Q & A With Ricky Cox

Memphis Tile and Marble

Ricky Cox, Memphis Tile and Marble

Thomas Cox started Memphis Tile and Marble in 1968, “so the business was in my blood early in life,” says his son, Ricky Cox, who began working full-time for his dad 20 years ago.  After “literally starting at the bottom as a tile helper,” he says, Cox eventually moved into tile installation, then into the business side of contracting. Now the company president, he is a certified tile installer through the Ceramic Tile Education Foundation and is active in the National Tile Contractors Association, which has designated Memphis Tile and Marble as a Five-Star Contractor. The firm is also a member of the West Tennessee Homebuilders Association.


Q: What factors contribute most to your success in the field?

A: Being able to keep our installers up to date on the ever-changing installation methods and managing each job efficiently.


Q: What is one of the most expensive and/or challenging home issues you’ve helped remedy?

A: Shower leaks. We get calls daily about these leaks. They can cause a lot of damage and are a huge pain for any homeowner. Also, having to deal with insurance companies on whether or not they cover a leaking shower is a constant battle.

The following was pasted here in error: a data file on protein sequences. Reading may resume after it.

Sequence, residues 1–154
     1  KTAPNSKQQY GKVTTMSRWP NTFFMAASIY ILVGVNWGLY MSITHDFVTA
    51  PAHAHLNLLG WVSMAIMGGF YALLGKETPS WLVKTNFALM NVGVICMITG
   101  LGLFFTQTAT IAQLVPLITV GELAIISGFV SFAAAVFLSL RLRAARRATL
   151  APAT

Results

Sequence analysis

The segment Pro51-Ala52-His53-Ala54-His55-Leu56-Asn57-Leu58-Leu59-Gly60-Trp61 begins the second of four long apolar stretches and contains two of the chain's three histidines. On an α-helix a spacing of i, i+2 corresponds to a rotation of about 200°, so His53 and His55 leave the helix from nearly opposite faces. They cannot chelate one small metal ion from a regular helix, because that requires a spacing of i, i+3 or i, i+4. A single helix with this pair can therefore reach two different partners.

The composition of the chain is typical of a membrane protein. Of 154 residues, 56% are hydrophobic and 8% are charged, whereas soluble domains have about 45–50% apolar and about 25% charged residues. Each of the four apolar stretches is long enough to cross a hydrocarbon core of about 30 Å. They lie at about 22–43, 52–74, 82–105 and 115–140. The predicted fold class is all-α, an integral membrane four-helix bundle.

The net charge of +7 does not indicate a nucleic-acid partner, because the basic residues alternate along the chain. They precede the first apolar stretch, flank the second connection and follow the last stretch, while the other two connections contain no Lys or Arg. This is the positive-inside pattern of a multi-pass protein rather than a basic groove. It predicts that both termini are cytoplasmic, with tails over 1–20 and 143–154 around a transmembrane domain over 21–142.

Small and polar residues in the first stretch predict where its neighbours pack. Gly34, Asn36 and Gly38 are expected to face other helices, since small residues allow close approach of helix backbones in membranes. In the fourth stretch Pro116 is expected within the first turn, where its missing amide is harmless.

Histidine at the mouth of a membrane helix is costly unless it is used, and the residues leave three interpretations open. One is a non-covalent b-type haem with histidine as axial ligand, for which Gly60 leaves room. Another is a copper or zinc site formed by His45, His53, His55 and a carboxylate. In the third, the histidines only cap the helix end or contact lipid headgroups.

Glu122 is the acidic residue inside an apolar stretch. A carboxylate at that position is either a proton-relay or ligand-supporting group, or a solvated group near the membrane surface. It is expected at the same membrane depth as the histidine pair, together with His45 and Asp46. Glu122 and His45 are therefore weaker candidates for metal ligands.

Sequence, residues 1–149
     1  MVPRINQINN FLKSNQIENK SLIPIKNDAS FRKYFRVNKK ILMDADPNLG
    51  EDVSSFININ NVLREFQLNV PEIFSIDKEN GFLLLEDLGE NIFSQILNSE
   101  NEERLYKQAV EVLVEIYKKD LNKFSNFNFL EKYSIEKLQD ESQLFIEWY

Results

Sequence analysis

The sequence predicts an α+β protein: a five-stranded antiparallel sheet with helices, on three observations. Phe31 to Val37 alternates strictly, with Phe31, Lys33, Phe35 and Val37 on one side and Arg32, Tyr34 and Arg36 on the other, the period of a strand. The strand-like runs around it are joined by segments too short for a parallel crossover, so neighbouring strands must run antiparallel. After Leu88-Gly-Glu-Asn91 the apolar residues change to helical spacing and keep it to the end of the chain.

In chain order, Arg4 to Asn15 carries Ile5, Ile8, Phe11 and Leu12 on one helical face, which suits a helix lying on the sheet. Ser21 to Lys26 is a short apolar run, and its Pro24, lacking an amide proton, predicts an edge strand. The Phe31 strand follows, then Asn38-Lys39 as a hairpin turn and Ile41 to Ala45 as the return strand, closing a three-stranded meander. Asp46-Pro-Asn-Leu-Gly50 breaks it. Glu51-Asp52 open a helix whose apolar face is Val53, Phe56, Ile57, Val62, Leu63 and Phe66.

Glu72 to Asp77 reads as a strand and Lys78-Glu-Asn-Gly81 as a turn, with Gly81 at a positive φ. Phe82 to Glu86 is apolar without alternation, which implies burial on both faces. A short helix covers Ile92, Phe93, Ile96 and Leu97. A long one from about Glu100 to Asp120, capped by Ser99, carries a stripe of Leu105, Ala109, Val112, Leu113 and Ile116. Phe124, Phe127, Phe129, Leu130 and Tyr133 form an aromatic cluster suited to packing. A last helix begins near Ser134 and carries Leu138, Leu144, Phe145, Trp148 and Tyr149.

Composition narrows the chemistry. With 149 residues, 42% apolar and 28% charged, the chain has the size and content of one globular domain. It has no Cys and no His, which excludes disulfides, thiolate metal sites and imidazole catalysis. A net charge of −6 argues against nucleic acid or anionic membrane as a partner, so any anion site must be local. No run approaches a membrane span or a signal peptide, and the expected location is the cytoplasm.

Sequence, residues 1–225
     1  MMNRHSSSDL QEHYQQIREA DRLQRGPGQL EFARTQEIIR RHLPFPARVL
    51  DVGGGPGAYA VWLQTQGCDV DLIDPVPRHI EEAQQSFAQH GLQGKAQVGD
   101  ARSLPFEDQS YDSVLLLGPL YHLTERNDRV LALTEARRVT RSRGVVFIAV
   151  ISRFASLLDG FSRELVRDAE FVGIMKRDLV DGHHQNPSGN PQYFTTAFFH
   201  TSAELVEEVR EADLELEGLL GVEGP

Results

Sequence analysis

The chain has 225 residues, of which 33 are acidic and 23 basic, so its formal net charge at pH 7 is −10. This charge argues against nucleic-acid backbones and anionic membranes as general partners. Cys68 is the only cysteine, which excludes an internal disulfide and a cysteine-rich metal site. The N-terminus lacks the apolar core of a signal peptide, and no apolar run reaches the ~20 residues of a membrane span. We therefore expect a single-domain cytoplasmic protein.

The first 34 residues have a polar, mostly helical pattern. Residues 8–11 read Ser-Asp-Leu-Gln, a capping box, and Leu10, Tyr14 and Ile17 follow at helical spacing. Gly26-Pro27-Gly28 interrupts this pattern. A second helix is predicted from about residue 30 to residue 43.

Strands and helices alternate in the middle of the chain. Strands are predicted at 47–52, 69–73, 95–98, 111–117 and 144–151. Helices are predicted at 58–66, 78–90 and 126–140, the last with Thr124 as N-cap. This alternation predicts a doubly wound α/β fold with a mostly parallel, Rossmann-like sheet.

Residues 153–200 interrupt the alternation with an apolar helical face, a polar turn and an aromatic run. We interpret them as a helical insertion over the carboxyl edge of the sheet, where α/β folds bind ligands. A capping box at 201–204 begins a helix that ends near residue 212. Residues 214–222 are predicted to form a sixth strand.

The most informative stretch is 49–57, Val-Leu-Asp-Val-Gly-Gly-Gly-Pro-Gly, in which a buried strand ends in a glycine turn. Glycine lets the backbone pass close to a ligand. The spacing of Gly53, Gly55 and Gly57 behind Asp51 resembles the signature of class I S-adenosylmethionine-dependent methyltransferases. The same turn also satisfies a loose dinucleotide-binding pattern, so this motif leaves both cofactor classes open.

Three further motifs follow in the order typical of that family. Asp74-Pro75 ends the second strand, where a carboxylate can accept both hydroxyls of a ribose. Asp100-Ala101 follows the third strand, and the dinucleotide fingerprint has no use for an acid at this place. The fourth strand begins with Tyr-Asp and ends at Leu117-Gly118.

Q: How would you advise a homeowner to prevent or avoid having such an issue?

A: Make sure you have a quality plumber and tile contractor who know the ins and outs of installing a shower pan. New products on the market now replace the traditional PVC pan liner. These products will eventually eliminate the old system, making for a much better installation.


Q: What is the most valuable tool for a tile-setter? And the most popular product?

A: The most valuable tool may be knee pads. Without them, a tile setter is doomed. The most popular product, especially in the winter, are radiant-heated floors.


Q: What should a consumer look for when selecting home service providers to assist with repairs and projects in your field of expertise?

A: Here are seven tips: 1) Get references from other homeowners; 2) ask to see similar work in person; 3) ask the distributor about the contractor’s knowledge and payment practices; 4) ask the contractor if he follows the Tile Council of North America’s handbook for ceramic tile; 5) ask what trade associations the contractor belongs to; 6) ask what training or certifications the installers have obtained; 7) ask if the contractor can easily explain why the materials being used were chosen.


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